20,000 Megabytes Under The Sea

20,000 Megabytes Under The Sea

Students at the Ventura County Office watch a live dive from the Channel Islands and are able to pose questions to the diver.CHANNEL ISLANDS, CA-Digital Networks Group recently worked on a project with the National Park Service in Southern California to bring the wonders of the deep to the classroom. Using the latest in streaming technology, students in Ventura County are able to see and interact with a live diver many miles away as he explores the water surrounding the Channel Islands, a wildlife preservation along the Santa Barbara coast.

The Park has always had an educational program for the public consisting of a cruise out to the islands, as Brandon Morrell, Digital Network's project manager and engineer on the plan explained. "The park's only open in the summer for this program, and it's weather permitting," he said. "The idea was to bring that program from the island to the mainland. They had actually done some streaming with an eagle cam, which is a live video feed from an eagle's nest beforehand, so they're aware of the technology. We provided them that hardware, but the question for this project was how do we do audio and video and make it interactive between the divers and the teachers and students. So that's where we got involved and started looking at the VBrick equipment."

Mike Stammire, Digital Network's account manager for the project, explained the Park's idea for the diving program: "We talked to them about having the video feed they usually send to the kids on the boat going to a VBrick encoder and doing a live stream back to the mainland with audio and video. People that don't take a ferry out there can sit in the County of Ventura office and watch that diver live from the mainland."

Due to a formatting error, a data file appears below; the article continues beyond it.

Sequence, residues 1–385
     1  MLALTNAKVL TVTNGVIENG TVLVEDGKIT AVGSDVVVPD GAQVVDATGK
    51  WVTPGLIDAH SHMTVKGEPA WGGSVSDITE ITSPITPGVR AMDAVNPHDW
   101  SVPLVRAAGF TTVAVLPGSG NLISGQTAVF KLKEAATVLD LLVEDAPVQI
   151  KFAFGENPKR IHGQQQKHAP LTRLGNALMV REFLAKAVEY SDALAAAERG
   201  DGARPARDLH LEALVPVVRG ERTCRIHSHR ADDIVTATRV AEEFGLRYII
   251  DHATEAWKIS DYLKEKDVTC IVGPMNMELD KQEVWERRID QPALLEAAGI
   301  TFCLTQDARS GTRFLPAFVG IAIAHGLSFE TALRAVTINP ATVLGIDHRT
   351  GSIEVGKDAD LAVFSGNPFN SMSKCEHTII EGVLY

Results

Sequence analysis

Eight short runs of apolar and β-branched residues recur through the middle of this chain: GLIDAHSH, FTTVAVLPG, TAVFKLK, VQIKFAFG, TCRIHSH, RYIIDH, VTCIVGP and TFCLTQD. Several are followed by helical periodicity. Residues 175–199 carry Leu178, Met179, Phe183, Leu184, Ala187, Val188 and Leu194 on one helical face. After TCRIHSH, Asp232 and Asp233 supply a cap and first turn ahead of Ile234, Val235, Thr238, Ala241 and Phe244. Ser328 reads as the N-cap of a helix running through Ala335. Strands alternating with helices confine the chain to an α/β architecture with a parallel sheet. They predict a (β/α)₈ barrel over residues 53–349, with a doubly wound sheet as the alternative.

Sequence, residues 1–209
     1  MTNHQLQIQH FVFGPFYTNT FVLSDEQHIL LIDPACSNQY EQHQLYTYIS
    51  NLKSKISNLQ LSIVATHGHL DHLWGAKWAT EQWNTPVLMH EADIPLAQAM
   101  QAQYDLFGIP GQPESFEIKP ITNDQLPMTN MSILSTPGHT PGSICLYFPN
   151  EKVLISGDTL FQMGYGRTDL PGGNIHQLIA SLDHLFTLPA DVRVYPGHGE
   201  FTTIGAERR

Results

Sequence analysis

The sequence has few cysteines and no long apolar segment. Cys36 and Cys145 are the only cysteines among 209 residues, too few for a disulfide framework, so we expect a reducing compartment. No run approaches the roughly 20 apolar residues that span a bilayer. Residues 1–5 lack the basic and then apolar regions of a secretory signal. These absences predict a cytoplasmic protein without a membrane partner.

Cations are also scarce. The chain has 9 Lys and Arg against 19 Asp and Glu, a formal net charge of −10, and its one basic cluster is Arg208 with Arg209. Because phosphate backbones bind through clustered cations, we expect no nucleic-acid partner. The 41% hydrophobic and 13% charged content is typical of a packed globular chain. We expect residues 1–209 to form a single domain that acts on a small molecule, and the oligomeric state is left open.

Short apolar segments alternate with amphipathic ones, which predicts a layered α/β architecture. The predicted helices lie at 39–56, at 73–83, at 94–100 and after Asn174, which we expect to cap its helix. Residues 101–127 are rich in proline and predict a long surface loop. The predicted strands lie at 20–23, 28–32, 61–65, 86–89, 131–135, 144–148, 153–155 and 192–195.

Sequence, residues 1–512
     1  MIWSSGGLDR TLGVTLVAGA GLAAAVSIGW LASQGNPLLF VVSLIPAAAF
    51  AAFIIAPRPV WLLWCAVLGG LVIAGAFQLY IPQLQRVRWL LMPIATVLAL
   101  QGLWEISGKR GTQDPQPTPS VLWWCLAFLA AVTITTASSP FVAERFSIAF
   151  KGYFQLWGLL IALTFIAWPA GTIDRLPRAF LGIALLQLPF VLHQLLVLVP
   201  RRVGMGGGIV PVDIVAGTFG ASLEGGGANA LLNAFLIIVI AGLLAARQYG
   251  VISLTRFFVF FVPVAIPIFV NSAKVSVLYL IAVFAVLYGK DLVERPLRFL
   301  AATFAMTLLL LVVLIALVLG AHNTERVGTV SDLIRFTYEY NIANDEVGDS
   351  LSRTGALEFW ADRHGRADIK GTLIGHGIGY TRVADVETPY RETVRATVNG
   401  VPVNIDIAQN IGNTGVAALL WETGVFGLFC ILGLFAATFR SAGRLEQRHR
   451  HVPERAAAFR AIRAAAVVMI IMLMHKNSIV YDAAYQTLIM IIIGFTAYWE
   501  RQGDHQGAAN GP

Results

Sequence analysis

Stammire continued, "During one of the first tests of the system they actually ran out of gas for the generator. Those types of problems are there: it's a tough environment with the ocean spray, and cold, and there's not a real facility out there. We tried to weatherproof a cabinet best we could, and it's really simple-they plug in a few cables and then stream it back to the mainland. We had to make it very user-friendly to be able to control it from the mainland with their IT guys. They take a boat out there and spend the whole day, so they want to let them go without having to send engineers every time."

The setup is very simple, as Morrell explained. "We used a VBrick 6200 Series MPEG-2 decoder/encoder to feed the video from the underwater camera and the mics in the diver's mask to, then we used a Biamp Nexia DC audio processor at each end to control the audio," he said. "We also used some Radio Design Labs pieces for attenuating the audio systems. We partnered with Ocean Technology Systems to get the equipment for the divers, the mics and earpieces, which they were comfortable with because if the network goes down, they're not dependent on it. They can still go live to people on the boat."

Stammire continued, "The crew has a gasoline engine that powers the microwave back to the county office. We installed the equipment at the county office, the video on demand server and the decoder part of the streaming equipment. They can send that stream to a PC that has a certain player on it, and then they connect it to a projector. For their long-term plan, they'll probably have MPEG decoders and storage devices installed at the school districts. They also archive footage at the Ventura County Office of Education so they can stream it again for those who missed it."